http://www.informit.com/articles/article.aspx?p=1609144

- Jonathan M Davis
June 21, 2012
On Thursday, 21 June 2012 at 17:14:34 UTC, Regan Heath wrote:
> On Thu, 21 Jun 2012 14:56:37 +0100, Paul <phshaffer@gmail.com> wrote:
>
>> I wrote a program that parses a text file and writes results as it is processing the file (i.e. many writeln()'s).  On my local harddrive it works fine.  When I later used it on a file located on a file server, it went from 500ms to 1 minute processing time.
>>
>> It there a more efficient way to write out the results that would say maybe only access the harddrive as it closes the connection...or somesuch?
>>
>> Thanks for your assistance.
>
> I imagine writeln is synchronous/non-overlapped IO.  Meaning, the call to writeln doesn't return until the write has "completed".  So, on every call you're basically waiting for the network IO to complete before you process something else locally.

Isn't the most simple approach then to build up the whole file in
memory as a single string, using \n and then do a single write
across the network ?

like:

void main(string args[]){
  string filecontent = "";
  filecontent ~= "#include std.stdio\n";
  filecontent ~= "int x = " ~ x ~ ";\n";
  //etc etc...

  auto f = new File("X:\\MyNetworkDir\\file.txt");
  f.writeln(filecontent);
  f.close();
}

Haven't tested the code, but if network IO is the wait, then just
increase the buffer..

June 26, 2012
On Thursday, 21 June 2012 at 19:52:26 UTC, Danny Arends wrote:
> On Thursday, 21 June 2012 at 17:14:34 UTC, Regan Heath wrote:
>> On Thu, 21 Jun 2012 14:56:37 +0100, Paul <phshaffer@gmail.com> wrote:
>>
>>> I wrote a program that parses a text file and writes results as it is processing the file (i.e. many writeln()'s).  On my local harddrive it works fine.  When I later used it on a file located on a file server, it went from 500ms to 1 minute processing time.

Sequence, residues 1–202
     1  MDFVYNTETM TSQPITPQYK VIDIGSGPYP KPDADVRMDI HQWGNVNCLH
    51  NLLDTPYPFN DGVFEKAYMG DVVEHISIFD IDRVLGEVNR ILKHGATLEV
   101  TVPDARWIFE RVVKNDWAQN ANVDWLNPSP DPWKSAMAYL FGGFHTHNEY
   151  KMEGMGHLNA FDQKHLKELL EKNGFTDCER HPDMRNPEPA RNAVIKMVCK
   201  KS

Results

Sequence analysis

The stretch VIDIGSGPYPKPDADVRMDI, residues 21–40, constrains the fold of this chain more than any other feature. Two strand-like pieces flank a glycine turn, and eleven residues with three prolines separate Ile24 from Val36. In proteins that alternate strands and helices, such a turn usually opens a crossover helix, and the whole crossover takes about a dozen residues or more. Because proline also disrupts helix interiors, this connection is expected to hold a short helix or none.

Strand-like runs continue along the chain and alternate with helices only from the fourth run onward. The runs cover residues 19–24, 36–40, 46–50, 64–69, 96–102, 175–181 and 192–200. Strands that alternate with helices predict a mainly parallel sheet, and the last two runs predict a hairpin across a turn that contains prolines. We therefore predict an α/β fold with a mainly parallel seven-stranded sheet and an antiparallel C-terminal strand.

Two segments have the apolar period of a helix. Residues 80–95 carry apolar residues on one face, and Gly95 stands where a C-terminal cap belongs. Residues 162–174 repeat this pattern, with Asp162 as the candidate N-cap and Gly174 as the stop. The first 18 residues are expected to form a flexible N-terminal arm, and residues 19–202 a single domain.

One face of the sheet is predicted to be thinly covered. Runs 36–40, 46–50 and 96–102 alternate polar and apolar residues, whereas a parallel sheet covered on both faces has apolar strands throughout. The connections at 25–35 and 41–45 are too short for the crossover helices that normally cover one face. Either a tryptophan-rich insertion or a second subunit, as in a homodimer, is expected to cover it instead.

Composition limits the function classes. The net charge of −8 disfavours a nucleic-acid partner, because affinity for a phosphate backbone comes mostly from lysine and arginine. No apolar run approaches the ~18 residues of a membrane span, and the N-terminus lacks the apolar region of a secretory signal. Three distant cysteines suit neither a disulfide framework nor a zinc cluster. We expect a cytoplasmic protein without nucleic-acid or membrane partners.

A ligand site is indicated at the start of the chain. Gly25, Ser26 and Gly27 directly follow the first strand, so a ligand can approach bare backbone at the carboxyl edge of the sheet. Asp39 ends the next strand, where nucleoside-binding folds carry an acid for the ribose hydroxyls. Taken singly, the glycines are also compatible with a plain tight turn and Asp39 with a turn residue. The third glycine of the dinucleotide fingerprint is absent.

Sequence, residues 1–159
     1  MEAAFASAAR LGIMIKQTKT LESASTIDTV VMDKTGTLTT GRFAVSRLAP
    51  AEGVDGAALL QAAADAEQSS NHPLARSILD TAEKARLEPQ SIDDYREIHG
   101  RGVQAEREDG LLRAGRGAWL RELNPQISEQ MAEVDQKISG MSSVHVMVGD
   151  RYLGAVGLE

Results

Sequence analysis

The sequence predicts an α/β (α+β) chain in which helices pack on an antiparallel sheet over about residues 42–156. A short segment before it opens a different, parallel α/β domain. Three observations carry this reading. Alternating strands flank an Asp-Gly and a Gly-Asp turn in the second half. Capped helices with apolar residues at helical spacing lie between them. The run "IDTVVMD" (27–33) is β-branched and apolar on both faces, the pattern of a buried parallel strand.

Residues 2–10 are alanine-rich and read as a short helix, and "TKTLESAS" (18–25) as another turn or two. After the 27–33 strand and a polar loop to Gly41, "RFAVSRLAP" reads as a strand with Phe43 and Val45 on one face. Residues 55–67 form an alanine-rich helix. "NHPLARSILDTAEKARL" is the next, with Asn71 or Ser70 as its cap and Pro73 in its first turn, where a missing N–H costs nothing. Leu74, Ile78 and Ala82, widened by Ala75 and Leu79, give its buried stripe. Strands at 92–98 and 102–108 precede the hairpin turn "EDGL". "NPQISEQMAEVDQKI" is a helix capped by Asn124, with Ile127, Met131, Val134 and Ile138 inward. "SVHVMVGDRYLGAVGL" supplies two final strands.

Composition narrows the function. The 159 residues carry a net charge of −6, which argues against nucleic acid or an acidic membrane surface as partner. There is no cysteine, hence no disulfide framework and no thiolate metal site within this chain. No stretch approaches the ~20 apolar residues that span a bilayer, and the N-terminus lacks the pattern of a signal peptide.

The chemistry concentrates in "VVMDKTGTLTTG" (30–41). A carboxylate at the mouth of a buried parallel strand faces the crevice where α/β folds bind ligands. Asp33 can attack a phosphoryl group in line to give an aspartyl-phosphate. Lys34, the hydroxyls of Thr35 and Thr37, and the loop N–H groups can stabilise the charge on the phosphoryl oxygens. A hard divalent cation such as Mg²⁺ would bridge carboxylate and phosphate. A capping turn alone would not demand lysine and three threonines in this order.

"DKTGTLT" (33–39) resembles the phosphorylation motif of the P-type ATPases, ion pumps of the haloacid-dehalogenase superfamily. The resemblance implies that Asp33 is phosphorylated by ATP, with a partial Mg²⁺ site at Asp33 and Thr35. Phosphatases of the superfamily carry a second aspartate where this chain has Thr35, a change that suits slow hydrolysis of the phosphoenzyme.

>>>
>>> It there a more efficient way to write out the results that would say maybe only access the harddrive as it closes the connection...or somesuch?
>>>
>>> Thanks for your assistance.
>>
>> I imagine writeln is synchronous/non-overlapped IO.  Meaning, the call to writeln doesn't return until the write has "completed".  So, on every call you're basically waiting for the network IO to complete before you process something else locally.
>
> Isn't the most simple approach then to build up the whole file in
> memory as a single string, using \n and then do a single write
> across the network ?
>
> like:
>
> void main(string args[]){
>   string filecontent = "";
>   filecontent ~= "#include std.stdio\n";
>   filecontent ~= "int x = " ~ x ~ ";\n";
>   //etc etc...
>
>   auto f = new File("X:\\MyNetworkDir\\file.txt");
>   f.writeln(filecontent);
>   f.close();
> }
>
> Haven't tested the code, but if network IO is the wait, then just
> increase the buffer..

Thanks for the idea.  I thought maybe there would be a way to use writeln() to do what you illustrated...basically writing to a buffer and then write the buffer to disk when needed.  It would be a nice feature that would allow a developer to change the character of his file writing quickly w/o changing much code.  Maybe open a file File("filemane.txt", "buffer") or somesuch...and then a way to tell it to write to disk when you want.